About 15 years ago, author Patrick Lencioni wrote a book called The Five Dysfunctions of a Team. Now, with over 2 million copies sold, Lencioni’s leadership principles are as true as ever.
The point of Lencioni’s book is simple:
- A working team needs enough TRUST to have meaningful conversations
- Meaningful conversations that matter lead to some levels of CONFLICT
- Constructive conflict allows team members to COMMIT to what they helped shape
- Commitment is the basis for willingness to be held ACCOUNTABLE
- Accountability consistently leads to growth and excellent RESULTS
Many teams have members who like each other enough to talk, laugh or even have drinks together. However, they don’t trust each other enough with things that really matter. What often presents as harmony is actually limited engagement—a false harmony. When trust levels are low, teams generally get along with each other to minimize conflict. When teammates don’t actually say what they really think or believe, decisions are made that are much weaker than necessary. Weak decisions that result in poor processes or products are difficult to commit to by teammates.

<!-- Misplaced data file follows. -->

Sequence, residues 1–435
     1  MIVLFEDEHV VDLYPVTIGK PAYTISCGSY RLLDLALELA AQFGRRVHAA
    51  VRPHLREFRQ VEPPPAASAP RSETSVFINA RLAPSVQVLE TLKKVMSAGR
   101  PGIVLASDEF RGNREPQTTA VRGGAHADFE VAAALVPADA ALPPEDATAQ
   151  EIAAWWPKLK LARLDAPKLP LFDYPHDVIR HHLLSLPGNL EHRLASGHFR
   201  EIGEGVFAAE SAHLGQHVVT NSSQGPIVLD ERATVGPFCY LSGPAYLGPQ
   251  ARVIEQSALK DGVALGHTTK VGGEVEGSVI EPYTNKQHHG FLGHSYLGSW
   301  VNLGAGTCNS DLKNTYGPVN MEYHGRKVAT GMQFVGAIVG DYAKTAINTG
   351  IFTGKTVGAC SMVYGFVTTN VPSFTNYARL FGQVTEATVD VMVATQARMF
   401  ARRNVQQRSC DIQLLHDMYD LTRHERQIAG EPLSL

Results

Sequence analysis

The opposite of false harmony is frequent discord. Rolling eyes, cynical comments, snide remarks, and outright attacks of the person instead of the idea being debated is often limited to those willing or eager to enter into arguments. But fighting isn’t the same as constructive conflict. When trust levels are sufficiently high, healthy teammates call each other out on personal attacks and refocus conversation on the idea at hand. Teams that trust each other know that work is improved when the best ideas and changes to proposals have a chance to be surfaced, then implemented. Products and processes become stronger than originally presented. Teammates are willing to commit to building on the shared work.
When teams believe in what they build, commitment and accountability become realistic and meaningful options. And when that happens, people grow, teams become healthy, and excellent results are the outcome. This creates sweet music not only to the team, but to the larger business, and especially to the customer.
Content provided by: Philip C. Bergey, PhD, is an executive leadership coach and process consultant who lives in Lancaster with his wife Evon. He teaches at the University of Pennsylvania in Philadelphia in its Organizational Dynamics program. As a partner in Design Group International™ he designs and helps leaders implement leadership solutions and organizational change initiatives in their business and organizational settings. Learn more at: www.PhilipCBergey.com. Phil’s firm is a member of the Lancaster Chamber of Commerce and Industry.